Three Stars of the Night: An Odd Scoring Battle

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With 22 teams in action, you’d expect the usual suspects to be the big scorers of the night. Guys like LeBron James, Kevin Durant, and James Harden. The guys battling Kobe Bryant for the scoring title. Those guys.

Nope! Saturday was a little bit wild and crazy, and as a result we had Luis Scola balling out and dropping 33 and 10 on the Timberwolves while Nikola Pekovic smashed his way to 28. We saw David West (29 points) continue to do his share of the scoring while Roy Hibbert (21 minutes, zero points) went missing yet again. The Jrue Holiday show raged on with 29 points and a near triple-double, but actually, Holiday’s 7 turnovers almost gave him the rare quadruple-double-trouble, which really would have set the evening off nicely.

Instead, it seems like we’ll have to settle for a scoring battle between an awkward 7-footer who loves comic books and shoots a set-shot and a reserve forward who averages 8.5 points a game on his career. It’s weird, it’s hard to explain, and it’s Three Stars:

Third Star: C.J. Miles – (33 points, 8-for-10 from 3-point land)

Look, guys, I don’t know either. C.J. Miles is a career 41 percent shooter from the field and a career 33 percent shooter from behind the arc. This should not be happening, but Miles has a really weird habit of getting hot and then suddenly morphing into this unstoppable offensive force. You either believe in the hot hand theory or you don’t, but everyone watching tonight knew Miles was hot. He was catching passes and firing away like he was Ray Allen whenever he had a look at the basket, never hesitating once to think, “I’m C.J. Miles.” It got to the point where the announcers were preaching the importance of keeping the ball out of the hands of C.J. Miles, which feels absurd to even type. Whatever it was, Miles and his 33-point explosion kept the shorthanded Cavs in it, even with Luke Walton on the floor for 30 minutes. While this may come as surprise to exactly no one, eight 3-pointers is indeed a career high for Miles. He was stupid good tonight.

Second Star: Russell Westbrook – (28 points, 8 rebounds, 8 assists)

Ah, a nice return to normalcy, both for Westbrook and for Three Stars. With Kevin Durant unable to get it going early on, Westbrook took the scoring load on his shoulders and blew past Houston’s defense all night. Westbrook may get criticized for taking an inordinate amount of jumpers off his own dribble, but when he’s scoring at the rim and those jumpers are falling, he instantly morphs into one of the more unstoppable players in all of basketball. Westbrook’s jumper has sort of abandoned him to start the season, but it was certainly falling tonight.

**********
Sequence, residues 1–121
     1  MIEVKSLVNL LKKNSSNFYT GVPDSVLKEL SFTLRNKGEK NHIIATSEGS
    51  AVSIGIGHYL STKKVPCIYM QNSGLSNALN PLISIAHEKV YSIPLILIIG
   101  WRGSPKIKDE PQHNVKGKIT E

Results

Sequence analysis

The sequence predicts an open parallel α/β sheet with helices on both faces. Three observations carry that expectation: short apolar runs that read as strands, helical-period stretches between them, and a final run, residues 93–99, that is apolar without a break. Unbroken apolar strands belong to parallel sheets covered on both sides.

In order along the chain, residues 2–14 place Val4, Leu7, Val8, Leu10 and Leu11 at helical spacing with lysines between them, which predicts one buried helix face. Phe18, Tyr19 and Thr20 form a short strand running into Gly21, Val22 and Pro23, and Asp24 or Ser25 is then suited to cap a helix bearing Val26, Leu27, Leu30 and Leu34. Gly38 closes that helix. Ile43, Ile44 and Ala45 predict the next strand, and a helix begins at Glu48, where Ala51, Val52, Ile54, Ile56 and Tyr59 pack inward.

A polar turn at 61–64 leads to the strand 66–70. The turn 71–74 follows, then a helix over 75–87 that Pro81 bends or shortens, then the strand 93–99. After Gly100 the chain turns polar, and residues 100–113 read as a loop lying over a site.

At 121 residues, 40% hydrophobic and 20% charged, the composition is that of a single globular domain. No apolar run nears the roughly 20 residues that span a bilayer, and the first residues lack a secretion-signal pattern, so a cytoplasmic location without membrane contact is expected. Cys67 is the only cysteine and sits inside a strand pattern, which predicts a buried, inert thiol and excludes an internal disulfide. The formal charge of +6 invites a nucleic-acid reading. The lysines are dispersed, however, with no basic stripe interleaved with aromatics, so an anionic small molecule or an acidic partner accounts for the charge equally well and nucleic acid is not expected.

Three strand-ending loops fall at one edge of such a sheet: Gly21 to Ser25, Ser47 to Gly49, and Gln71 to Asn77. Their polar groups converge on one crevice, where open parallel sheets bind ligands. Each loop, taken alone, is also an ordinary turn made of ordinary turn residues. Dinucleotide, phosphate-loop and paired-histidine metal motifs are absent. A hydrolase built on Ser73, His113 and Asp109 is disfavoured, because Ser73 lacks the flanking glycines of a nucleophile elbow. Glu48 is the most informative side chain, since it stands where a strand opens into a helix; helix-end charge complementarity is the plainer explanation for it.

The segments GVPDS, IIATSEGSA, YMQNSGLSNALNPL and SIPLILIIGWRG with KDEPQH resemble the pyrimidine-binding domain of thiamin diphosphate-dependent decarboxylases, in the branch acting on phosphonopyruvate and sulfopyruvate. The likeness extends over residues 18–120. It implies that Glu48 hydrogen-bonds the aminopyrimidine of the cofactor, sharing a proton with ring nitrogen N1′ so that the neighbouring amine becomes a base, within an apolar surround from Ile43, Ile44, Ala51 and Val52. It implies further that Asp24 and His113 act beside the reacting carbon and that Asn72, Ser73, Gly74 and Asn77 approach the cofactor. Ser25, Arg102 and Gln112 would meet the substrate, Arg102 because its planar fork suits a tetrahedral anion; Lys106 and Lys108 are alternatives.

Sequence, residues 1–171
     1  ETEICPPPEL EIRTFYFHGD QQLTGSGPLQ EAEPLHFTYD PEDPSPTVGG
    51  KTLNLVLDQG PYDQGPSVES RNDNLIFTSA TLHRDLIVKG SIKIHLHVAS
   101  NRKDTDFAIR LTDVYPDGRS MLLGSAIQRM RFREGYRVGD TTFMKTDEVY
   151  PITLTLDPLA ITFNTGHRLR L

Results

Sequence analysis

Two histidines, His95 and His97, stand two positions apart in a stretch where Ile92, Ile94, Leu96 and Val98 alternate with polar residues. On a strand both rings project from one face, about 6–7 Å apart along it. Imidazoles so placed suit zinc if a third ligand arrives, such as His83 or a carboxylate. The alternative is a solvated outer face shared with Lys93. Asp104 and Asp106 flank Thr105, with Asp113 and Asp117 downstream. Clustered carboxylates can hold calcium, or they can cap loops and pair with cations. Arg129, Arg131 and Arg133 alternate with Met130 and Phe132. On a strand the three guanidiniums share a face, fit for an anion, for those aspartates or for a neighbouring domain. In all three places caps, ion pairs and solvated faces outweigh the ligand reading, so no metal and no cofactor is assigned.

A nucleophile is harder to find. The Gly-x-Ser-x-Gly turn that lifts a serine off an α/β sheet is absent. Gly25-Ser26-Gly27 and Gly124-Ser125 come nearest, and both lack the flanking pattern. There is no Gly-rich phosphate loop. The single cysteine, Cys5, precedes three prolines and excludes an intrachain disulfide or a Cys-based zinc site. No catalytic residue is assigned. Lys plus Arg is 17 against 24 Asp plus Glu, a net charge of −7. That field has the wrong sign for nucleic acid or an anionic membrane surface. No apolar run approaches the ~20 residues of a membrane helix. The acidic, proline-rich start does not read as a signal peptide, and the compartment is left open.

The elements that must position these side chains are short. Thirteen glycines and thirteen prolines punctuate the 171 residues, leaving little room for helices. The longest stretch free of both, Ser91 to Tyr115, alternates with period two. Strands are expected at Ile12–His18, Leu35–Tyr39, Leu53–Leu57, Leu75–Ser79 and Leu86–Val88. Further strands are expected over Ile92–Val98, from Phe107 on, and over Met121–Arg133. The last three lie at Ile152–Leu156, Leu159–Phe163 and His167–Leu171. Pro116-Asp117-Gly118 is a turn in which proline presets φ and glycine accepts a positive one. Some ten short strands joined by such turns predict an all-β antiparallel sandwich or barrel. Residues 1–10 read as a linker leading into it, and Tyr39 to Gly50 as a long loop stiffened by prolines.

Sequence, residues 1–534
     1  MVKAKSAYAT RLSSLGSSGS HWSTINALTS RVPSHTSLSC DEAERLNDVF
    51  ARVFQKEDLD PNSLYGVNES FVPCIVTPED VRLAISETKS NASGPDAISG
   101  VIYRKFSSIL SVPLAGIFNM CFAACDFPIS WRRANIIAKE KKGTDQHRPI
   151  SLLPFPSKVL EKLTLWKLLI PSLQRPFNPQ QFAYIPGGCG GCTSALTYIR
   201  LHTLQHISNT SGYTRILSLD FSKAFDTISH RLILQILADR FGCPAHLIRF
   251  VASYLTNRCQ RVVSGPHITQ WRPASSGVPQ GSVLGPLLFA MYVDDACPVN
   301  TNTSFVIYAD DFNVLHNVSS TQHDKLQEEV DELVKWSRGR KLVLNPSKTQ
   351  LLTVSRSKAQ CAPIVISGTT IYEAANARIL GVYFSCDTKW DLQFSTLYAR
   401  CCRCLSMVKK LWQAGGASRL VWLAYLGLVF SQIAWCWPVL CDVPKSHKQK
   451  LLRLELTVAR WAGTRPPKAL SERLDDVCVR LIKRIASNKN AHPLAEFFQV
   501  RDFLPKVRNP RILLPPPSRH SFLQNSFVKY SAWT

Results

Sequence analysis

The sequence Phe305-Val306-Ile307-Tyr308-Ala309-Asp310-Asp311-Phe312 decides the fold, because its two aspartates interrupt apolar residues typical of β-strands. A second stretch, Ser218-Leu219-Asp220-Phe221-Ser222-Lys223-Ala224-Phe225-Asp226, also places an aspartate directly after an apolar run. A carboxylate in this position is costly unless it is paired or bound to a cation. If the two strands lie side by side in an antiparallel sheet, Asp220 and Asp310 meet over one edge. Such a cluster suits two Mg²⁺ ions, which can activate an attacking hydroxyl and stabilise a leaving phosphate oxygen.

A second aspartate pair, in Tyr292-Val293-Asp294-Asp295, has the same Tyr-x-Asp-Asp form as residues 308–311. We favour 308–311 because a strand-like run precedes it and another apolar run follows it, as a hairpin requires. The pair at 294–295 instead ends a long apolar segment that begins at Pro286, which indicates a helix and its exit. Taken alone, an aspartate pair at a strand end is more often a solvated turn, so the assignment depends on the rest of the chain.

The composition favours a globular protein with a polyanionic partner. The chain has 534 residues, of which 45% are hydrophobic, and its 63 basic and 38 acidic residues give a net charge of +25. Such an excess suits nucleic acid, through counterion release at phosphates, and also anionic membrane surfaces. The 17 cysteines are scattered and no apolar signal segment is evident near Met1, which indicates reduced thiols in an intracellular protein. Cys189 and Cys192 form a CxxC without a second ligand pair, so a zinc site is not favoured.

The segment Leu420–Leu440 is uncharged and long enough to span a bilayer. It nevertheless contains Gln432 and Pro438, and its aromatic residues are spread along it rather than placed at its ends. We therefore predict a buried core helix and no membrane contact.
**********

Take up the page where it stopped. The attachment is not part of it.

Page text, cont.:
First Star: Brook Lopez – (35 points, 11 rebounds)

Lopez was an absolute monster against the Varejao-less Cavs, as he scored a whopping 11 field goals in the paint and went to the free-throw line 11 times as well. While Lopez may not be considered fleet of foot, he’s a load on the low block and around the rim, especially against a rail-thin big man like rookie center Tyler Zeller. That’s not to take anything away from Lopez — he showed his usual soft touch and he gobbled up some offensive rebounds, something he doesn’t always do. Perhaps it’s because of the time he missed due to injury this year or because of the other distractions in Brooklyn right now, but Lopez has been posting some pretty incredible numbers with very little fanfare. His rebounding percentages are back to respectable levels, his PER is really solid at 24.5, and he’s averaging 22 points per 36 minutes on 51 percent shooting. Lopez probably isn’t regarded as a player you would build an offense around, but he’s a better option for that than Deron Williams is right now. That’s something to keep in mind, especially if post-oriented coaches like Phil Jackson or Mike Dunleavy do end up in Brooklyn. Lopez, even with that hideously effective set-shot off the glass from 18-feet, is the best bet for consistent offensive production the Nets have.

Andrew Bogut signs to play in NBL in native Australia